Sustained growth in the labor market and improving inflation have encouraged Fed officials such as Boston Fed president Eric Rosengren, who told CNBC on Friday that the "very high" odds for a rate increase in December was appropriate.

"We don't expect a departure from the script which was laid out at the minutes of the September meeting and expect the Fed to continue moving on a path towards a December rate hike," Northey said.

At 11:05 a.m. ET (1505 GMT), the Dow Jones industrial average was up 114.88 points, or 0.63 percent, at 18,213.82.

The S&P 500 was up 8.99 points, or 0.42 percent, at 2,141.54 and the Nasdaq Composite index was up 27.93 points, or 0.54 percent, at 5,241.26.

Eight of the 11 major S&P sectors were higher.

Energy fell 0.16 percent as oil prices dropped 0.83 percent. [O/R]

Microsoft rose 1.1 percent after Cowen & Co raised price target on the stock.

McDonald's fell 1.1 percent after the fast-food chain operator announced charges related to strategic changes it had outlined last year.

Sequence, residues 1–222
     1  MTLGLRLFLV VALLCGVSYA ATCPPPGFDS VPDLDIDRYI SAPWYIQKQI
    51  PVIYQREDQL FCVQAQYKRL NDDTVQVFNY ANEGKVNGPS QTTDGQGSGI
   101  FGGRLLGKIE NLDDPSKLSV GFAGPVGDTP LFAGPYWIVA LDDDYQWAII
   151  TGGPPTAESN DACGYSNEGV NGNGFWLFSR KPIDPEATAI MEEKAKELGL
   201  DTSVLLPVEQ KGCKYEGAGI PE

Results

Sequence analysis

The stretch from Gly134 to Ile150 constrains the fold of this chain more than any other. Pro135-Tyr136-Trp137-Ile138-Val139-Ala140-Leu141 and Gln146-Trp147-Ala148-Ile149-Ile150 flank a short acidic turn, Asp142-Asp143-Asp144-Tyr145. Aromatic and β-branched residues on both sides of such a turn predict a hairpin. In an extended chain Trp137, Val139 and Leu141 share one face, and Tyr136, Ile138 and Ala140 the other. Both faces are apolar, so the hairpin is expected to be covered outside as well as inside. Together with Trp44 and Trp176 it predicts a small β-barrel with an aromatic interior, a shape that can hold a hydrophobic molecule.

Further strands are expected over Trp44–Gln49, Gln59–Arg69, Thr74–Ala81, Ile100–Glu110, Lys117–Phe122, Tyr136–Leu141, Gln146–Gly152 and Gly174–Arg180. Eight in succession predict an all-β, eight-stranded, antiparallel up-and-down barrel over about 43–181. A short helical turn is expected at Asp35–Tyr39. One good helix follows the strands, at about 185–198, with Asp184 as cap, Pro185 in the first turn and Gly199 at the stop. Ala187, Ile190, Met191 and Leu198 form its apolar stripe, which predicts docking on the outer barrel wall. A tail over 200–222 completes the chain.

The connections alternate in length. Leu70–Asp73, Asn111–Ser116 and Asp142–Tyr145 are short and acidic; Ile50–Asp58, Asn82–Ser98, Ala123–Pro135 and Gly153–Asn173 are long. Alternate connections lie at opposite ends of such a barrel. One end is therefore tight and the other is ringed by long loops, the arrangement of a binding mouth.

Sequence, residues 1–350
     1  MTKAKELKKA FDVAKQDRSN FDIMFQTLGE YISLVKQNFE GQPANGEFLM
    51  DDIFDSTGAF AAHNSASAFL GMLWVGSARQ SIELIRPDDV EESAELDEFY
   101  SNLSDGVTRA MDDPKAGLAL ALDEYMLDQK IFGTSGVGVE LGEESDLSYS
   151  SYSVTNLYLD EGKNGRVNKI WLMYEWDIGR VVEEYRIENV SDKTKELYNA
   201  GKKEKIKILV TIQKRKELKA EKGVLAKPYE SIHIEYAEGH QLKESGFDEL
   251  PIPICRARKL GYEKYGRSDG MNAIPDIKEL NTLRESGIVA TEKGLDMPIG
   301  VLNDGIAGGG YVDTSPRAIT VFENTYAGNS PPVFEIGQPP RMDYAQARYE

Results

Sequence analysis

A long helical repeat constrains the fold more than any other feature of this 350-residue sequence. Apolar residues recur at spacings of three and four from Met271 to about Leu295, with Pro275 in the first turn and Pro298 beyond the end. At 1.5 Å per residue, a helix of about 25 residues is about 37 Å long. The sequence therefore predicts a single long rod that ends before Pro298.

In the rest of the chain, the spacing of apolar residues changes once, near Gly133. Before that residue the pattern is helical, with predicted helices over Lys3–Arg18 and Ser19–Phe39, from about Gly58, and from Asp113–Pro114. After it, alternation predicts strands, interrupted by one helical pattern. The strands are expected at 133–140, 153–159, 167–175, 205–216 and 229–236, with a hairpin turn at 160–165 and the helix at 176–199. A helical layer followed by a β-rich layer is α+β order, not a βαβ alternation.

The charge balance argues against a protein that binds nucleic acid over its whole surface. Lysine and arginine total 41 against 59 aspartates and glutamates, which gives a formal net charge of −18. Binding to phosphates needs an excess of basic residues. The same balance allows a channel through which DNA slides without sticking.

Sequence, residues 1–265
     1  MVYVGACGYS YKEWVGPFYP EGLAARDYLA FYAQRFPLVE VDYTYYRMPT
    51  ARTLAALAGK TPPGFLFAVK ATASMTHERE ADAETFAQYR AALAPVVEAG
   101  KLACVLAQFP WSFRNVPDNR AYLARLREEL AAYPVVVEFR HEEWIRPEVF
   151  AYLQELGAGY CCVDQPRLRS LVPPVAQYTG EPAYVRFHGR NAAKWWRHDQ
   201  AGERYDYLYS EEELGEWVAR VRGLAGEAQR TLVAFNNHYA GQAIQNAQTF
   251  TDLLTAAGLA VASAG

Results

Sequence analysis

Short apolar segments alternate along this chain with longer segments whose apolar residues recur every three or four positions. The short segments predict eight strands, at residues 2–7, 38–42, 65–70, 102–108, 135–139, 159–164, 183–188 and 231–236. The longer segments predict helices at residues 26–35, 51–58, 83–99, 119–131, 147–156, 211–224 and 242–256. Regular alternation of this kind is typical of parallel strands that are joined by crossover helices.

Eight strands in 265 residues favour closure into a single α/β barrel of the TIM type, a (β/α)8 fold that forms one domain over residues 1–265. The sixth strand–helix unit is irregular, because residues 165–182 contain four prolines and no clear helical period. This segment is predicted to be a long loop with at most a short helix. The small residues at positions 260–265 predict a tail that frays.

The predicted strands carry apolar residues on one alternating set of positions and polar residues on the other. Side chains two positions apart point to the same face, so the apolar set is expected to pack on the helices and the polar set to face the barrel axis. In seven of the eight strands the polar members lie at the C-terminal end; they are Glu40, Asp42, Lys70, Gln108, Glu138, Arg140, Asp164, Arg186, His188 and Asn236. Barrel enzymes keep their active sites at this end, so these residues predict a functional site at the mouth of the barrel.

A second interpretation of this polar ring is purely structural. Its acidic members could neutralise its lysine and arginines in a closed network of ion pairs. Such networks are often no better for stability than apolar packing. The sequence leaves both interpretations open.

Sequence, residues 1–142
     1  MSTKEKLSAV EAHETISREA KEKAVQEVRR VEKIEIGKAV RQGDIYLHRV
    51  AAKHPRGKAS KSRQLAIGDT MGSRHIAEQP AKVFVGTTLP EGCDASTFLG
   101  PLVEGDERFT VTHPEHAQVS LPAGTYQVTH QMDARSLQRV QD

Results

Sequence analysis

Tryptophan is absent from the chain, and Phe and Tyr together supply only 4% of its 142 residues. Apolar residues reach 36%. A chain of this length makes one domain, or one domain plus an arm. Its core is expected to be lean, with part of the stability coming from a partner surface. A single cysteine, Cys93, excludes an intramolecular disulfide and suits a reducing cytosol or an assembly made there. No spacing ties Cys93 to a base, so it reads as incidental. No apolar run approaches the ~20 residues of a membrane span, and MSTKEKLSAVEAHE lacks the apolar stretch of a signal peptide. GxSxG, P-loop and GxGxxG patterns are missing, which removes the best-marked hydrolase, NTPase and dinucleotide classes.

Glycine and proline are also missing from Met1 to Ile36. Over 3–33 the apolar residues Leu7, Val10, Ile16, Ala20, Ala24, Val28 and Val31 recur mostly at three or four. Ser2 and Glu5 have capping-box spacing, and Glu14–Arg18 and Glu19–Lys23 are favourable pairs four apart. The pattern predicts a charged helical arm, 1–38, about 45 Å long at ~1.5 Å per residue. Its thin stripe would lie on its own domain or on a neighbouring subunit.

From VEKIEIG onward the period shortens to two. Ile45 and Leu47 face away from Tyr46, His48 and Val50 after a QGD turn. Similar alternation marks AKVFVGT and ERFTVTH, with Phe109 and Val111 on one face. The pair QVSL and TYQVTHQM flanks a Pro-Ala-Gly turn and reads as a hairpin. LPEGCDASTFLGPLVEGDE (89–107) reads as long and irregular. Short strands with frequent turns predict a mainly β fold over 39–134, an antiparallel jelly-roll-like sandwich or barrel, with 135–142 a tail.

HP Inc fell 1.8 percent after the company said it would cut about 3,000 to 4,000 jobs over the next three years.

Advancing issues outnumbered decliners on the NYSE by 1,813 to 998. On the Nasdaq, 1,562 issues rose and 993 fell.

The S&P 500 index showed three new 52-week highs and one new lows, while the Nasdaq recorded seven new highs and 41 new lows.

(Reporting by Yashaswini Swamynathan in Bengaluru; Editing by Don Sebastian)

(This story has not been edited by Business Standard staff and is auto-generated from a syndicated feed.)

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Business Standard
177 22

Financial stocks lift Wall St as bank earnings beat

By Yashaswini Swamynathan

(Reuters) - was on track for its best day of the month on Friday as financial rose following better-than-expected from three big banks.

The S&P 500's financial index surged 1.16 percent, its best showing in seven days, after JPMorgan, Citigroup and Wells Fargo reported quarterly revenue and profit that beat market expectations.

JPMorgan and Citi rose slightly, while the scandal-hit Wells reversed course to trade down 0.15 percent. Bank of America was the top influence on the S&P, while Goldman Sachs had a similar impact on the Dow.

The two banks are scheduled to report along with Morgan Stanley next week.